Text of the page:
He declined to give reporters his name, saying only that he is sorry and would pray for the family.
“It helps a lot to know who it was,” Ashley Zink said, “to know he did everything that he could (to avoid Connor).”
Other family and friends offered their condolences.
“I've been contacted all day through phone calls, text messages, Facebook, several people that I don't even know just pouring out their sympathies and prayers to us,” Ashley Zink said, “The whole neighborhood has sent their condolences.”
Clairton City School District spokesperson Alexis Trubiani said grief counselors will be at the school Monday for students and staff.
Second-grade teachers and students will make a flower bed at the school and plant flowers at Connor's Clairton home.
“Connor was a little boy full of energy and loved by his classmates and teachers,” Trubiani said. “He will be extremely missed by the Clairton City School District community.”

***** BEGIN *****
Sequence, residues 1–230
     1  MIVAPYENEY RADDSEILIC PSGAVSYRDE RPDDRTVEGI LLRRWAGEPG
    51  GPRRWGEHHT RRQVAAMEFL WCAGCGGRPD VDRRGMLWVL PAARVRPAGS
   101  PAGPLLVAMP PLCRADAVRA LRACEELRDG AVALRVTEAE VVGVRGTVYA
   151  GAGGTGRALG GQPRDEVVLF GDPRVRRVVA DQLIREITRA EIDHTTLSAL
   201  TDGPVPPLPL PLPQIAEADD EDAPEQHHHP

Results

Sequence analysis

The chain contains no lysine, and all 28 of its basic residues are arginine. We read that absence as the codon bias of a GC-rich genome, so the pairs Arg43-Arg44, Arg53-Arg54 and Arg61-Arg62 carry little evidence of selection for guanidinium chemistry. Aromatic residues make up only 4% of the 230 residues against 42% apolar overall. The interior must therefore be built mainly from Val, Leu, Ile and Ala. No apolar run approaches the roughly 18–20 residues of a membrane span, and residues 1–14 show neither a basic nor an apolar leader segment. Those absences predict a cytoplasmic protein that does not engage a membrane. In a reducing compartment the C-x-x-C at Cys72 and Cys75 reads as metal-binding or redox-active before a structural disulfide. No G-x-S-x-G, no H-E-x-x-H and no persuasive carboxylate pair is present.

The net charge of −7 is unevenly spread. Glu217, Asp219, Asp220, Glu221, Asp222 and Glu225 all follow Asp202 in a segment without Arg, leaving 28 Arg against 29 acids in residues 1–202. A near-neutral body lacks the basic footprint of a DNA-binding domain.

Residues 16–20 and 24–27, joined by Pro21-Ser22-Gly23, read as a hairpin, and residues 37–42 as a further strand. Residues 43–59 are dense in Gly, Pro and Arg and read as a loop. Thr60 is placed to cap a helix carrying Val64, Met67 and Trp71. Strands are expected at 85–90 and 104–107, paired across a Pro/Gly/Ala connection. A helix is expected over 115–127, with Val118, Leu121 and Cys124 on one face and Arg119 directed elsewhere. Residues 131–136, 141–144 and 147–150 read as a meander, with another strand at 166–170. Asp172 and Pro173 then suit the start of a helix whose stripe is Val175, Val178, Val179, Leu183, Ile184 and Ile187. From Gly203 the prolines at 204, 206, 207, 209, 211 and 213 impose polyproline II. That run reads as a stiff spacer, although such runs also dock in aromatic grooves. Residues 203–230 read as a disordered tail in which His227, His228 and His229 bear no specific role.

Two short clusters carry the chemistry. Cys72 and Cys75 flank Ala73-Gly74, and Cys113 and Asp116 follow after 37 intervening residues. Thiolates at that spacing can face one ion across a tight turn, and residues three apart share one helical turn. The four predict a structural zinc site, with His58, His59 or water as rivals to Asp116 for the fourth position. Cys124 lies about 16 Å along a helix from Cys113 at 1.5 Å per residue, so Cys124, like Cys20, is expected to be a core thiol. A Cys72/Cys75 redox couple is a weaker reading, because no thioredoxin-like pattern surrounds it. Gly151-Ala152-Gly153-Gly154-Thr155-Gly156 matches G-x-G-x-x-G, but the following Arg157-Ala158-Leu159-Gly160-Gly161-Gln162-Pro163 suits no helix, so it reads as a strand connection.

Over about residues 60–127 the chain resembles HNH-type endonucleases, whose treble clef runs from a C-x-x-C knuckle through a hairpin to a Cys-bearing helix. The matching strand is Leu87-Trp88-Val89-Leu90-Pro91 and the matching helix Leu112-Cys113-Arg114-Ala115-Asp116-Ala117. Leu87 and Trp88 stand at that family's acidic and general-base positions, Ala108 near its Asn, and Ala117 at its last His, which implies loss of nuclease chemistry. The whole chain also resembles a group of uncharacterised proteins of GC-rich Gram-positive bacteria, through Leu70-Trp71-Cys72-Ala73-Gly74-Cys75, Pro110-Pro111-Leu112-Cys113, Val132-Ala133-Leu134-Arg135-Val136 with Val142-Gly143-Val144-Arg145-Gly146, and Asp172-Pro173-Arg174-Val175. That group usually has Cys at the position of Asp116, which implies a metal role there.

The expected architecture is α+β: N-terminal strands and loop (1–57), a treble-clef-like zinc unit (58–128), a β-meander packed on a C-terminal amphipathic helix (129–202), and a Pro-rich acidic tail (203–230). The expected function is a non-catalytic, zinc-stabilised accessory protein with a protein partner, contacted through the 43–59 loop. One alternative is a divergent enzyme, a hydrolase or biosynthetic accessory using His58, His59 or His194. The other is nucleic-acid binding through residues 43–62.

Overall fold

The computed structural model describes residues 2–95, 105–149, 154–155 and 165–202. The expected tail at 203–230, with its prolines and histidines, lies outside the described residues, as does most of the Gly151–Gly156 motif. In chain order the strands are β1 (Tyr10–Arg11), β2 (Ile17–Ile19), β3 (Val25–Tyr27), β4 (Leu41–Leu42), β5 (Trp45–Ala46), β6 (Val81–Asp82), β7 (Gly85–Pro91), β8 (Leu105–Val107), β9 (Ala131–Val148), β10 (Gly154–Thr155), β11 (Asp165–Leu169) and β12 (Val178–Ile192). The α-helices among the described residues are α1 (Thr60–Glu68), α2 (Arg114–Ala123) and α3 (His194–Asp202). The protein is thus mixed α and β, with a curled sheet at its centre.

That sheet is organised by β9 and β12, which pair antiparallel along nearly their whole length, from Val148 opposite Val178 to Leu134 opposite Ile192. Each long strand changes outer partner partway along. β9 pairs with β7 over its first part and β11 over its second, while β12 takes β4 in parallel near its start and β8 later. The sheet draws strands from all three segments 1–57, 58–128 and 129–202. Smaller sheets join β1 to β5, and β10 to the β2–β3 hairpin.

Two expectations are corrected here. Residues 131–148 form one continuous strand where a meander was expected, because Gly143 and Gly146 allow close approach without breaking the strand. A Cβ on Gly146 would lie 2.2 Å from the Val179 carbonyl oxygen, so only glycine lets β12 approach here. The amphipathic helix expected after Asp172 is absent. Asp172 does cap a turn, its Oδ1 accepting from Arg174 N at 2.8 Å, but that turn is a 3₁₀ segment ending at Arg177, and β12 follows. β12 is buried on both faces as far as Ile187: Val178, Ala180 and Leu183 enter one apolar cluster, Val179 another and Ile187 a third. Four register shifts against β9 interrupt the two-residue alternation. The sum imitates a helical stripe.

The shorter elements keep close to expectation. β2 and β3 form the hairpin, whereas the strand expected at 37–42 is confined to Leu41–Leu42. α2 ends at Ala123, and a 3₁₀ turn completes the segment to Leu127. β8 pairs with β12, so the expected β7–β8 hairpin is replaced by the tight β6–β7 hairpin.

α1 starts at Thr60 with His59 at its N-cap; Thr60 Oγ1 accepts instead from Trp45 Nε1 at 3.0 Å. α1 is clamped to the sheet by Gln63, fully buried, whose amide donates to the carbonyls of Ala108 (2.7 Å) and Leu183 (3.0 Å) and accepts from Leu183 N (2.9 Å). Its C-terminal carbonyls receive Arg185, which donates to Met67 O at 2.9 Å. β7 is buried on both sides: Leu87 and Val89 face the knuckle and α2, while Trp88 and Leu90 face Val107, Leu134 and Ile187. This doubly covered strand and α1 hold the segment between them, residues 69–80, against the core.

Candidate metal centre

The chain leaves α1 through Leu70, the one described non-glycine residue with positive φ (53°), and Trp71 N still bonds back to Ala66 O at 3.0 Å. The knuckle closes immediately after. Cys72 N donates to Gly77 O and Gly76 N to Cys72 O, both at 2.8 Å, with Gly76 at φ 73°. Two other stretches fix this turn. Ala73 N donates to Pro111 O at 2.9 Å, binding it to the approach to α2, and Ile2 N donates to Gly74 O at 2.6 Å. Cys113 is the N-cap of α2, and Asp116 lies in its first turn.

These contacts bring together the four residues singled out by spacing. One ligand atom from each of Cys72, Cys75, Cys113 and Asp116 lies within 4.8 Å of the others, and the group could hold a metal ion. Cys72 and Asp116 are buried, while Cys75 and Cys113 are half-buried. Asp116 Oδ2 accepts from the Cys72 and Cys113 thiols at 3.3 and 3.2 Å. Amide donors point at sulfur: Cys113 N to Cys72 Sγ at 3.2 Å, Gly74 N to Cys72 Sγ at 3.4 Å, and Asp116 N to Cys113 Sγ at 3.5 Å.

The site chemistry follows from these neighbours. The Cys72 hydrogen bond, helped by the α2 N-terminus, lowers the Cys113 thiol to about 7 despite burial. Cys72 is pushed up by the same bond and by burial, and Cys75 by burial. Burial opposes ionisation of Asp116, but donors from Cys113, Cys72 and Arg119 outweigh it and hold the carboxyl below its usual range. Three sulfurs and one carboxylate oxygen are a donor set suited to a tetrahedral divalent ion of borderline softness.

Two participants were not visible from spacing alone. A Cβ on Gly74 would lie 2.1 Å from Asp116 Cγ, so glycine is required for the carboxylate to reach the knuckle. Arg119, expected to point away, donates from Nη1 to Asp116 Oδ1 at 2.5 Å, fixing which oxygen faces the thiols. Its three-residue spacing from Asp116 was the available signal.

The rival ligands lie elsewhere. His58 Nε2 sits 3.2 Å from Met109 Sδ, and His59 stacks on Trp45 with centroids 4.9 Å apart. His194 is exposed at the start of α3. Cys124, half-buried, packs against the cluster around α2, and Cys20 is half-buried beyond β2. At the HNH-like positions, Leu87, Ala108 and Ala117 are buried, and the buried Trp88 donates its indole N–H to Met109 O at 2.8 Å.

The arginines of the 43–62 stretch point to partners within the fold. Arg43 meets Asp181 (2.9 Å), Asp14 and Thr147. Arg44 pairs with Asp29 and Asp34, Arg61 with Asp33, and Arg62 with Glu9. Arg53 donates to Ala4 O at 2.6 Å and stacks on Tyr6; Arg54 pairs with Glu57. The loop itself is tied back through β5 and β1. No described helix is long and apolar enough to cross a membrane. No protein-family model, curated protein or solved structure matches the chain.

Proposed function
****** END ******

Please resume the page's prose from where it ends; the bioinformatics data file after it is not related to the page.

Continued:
Visitation will be Tuesday from 2 to 4 and 6 to 8 p.m. at the A.J Bekavac Funeral Home, 555 Fifth St., Clairton. Service will take place in the funeral home Wednesday at 10 a.m. followed by burial at Round Hill Cemetery in Elizabeth Township.
A spaghetti dinner in remembrance of Connor is planned for May 26 at Wilson Presbyterian Church, 400 N. Fourth Street in Clairton.
Dale Zink said plans to approach borough officials about installing traffic control devices along the street.
“We don't want this to happen ever again,” he said.
Michael DiVittorio is a staff writer for Trib Total Media.
He can be reached at 412-664-9161, ext. 1965 or email@example.com.
Show commenting policy
TribLive commenting policy
You are solely responsible for your comments and by using TribLive.com you agree to our Terms of Service.
We moderate comments. Our goal is to provide substantive commentary for a general readership. By screening submissions, we provide a space where readers can share intelligent and informed commentary that enhances the quality of our news and information.